Education

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Preps Move West, But What Does it Mean?

September 09, 2008 01:12 PM
by Sarah Amandolare
Some Midwestern colleges have seen an influx of East Coast prep-school students, but does the trend indicate a reemergence of Middle America, or just a competitive college admissions season?

Midwest Entices Students

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As a result of this year’s highly competitive college admissions process, some Midwestern colleges are seeing an influx of East Coast prep-school students who would typically have attended Ivy League institutions. The East-meets-Midwest trend has also been attributed to the efforts of admissions recruiters, but new insight into selecting a college, as well as a general reemergence of the Midwest could be contributing factors.

At Indiana University, more than 250 freshmen came from the New York City area, a 12.5 percent increase from 2007, according to The Wall Street Journal. High school seniors from New Jersey and Connecticut have also begun flocking to the Big 10 school.

Indiana’s admissions director Mary Ellen Anderson has won over private school students on the East Coast by visiting with administrators and placing advertisements in The New York Times, for example. Anderson, who has been working in admissions for 30 years and “seen similar waves” of students from different parts of the country before, said, “You get one or two of the right types of students coming and it’s the pied piper effect.”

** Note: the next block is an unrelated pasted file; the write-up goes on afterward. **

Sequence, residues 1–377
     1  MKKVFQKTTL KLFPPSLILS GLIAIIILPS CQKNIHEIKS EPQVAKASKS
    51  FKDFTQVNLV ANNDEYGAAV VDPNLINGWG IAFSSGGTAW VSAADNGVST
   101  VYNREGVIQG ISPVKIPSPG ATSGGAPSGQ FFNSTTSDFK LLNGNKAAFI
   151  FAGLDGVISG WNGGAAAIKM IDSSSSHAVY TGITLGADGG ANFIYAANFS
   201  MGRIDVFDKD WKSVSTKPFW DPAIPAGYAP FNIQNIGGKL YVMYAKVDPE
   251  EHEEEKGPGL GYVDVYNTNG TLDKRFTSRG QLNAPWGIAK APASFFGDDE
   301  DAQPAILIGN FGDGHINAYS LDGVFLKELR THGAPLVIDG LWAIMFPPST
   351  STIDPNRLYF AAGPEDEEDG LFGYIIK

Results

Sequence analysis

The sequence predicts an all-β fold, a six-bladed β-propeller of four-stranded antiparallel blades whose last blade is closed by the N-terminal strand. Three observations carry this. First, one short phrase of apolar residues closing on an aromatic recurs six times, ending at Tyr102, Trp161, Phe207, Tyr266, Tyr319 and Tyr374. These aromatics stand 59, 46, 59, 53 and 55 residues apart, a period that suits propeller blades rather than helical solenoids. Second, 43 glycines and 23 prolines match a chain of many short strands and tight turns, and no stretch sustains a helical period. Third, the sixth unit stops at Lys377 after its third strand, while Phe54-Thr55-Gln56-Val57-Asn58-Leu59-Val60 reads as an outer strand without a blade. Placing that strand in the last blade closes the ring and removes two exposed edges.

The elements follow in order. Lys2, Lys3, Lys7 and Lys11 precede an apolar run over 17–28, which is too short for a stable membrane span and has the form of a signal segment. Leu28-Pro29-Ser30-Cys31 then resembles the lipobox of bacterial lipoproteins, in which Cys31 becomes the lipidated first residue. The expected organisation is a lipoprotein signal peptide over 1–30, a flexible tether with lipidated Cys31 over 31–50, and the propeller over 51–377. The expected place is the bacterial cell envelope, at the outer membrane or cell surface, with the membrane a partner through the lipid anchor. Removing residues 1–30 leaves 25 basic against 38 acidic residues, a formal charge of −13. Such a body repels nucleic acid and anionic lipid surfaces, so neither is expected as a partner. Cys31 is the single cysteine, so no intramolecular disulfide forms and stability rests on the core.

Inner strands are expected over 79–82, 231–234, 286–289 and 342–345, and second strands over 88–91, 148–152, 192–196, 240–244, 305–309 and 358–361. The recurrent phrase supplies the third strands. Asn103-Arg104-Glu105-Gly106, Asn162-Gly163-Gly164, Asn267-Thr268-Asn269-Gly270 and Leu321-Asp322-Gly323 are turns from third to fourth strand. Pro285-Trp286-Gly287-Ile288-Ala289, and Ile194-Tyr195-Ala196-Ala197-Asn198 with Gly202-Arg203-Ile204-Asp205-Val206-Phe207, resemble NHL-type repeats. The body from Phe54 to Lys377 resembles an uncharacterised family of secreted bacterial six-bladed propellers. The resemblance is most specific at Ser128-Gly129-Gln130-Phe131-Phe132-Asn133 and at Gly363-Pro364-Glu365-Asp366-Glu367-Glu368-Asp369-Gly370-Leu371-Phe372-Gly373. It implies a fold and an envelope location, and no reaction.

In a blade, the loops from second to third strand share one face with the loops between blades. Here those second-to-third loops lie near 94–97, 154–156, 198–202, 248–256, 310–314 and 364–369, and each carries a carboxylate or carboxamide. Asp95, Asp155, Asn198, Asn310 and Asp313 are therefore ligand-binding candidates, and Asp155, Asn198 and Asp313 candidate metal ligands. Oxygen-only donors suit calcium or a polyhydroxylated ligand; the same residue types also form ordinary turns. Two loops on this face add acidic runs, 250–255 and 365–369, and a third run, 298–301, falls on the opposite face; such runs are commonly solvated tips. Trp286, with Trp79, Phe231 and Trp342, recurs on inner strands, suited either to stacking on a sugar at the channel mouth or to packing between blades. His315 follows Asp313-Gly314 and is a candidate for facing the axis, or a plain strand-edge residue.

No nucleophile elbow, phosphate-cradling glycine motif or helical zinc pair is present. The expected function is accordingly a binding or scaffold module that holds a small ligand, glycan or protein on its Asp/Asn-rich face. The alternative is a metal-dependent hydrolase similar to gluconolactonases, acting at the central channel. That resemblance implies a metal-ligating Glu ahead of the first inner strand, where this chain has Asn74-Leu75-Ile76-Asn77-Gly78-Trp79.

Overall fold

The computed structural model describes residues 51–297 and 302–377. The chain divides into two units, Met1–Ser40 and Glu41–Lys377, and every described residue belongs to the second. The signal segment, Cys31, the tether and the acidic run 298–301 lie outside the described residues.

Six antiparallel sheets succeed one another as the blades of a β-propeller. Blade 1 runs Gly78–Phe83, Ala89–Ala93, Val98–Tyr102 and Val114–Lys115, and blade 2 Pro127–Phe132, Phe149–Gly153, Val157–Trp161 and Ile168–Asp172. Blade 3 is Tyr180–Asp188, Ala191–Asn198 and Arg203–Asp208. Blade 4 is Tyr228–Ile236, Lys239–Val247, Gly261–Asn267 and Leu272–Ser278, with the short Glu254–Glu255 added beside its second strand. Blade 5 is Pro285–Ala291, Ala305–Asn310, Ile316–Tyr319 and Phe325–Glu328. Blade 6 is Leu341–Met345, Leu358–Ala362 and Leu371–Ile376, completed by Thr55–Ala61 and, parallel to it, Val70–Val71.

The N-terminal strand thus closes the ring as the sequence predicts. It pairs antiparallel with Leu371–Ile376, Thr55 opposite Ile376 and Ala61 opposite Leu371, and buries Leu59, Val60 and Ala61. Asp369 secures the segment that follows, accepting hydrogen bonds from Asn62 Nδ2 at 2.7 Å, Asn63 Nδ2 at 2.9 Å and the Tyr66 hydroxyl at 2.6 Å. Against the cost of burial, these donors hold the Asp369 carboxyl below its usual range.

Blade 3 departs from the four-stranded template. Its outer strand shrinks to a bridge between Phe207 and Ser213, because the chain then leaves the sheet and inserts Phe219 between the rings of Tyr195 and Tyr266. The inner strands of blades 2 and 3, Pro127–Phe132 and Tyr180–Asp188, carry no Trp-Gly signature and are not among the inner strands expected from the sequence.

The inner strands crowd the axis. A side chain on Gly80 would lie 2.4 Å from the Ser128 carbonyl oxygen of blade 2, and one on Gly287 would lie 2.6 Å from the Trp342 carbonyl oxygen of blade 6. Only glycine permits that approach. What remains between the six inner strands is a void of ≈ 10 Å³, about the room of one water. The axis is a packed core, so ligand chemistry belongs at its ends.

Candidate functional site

Emerging insight into the college selection process and a fresh wave of advice on the topic could also be causing more East Coast students to look outside the box and consider the Midwest.

An article from Ascribe Newsfeed discussed the message of an organization called Colleges That Change Lives (CTCL), which says that searching for a college should be “a thoughtful and enjoyable process,” rather than a “high stakes race to the finish line.” CTCL is touring the country to encourage college-bound students to look beyond rankings and ratings to find a school that fits their personality and individual goals.

Likewise, an August 2008 column in U.S. News & World Report encouraged students to “think broadly about the types of schools where you could do well—large urban campuses, perhaps, or small religious schools in the Midwest—rather than limiting yourself to a few ‘dream’ spots.”

In addition, a general reemergence of the Midwest as a desirable place to live and an athletic stronghold could perhaps be aiding the East Coast influx at the University of Indiana.

For example, an article in the Minneapolis Star Tribune said that the 2008 men’s Olympic eight rowing team included four men “born, raised and educated in the Midwest.” Rowing has long been “an Ivy school thing, an elite sport filled with men from East Coast prep schools,” according to the article, which references 1964 Olympic rower Bill Stowe.

On a related note, Midwestern cities are enticing East Coast professionals looking for a slower, friendlier atmosphere. The New York Times interviewed Will Hopkins and Mary K. Baumann, a couple that successfully relocated from Manhattan to a converted flour mill in Minneapolis. The graphic designers said they easily assembled a new social circle, finding friends among the city’s “creative community.”

Bauman said, “In New York, you say hi to your neighbor, but it wasn’t the same sense of camaraderie.”

Background: Competitive admissions year

Related: Prep schools recruiting outside the box

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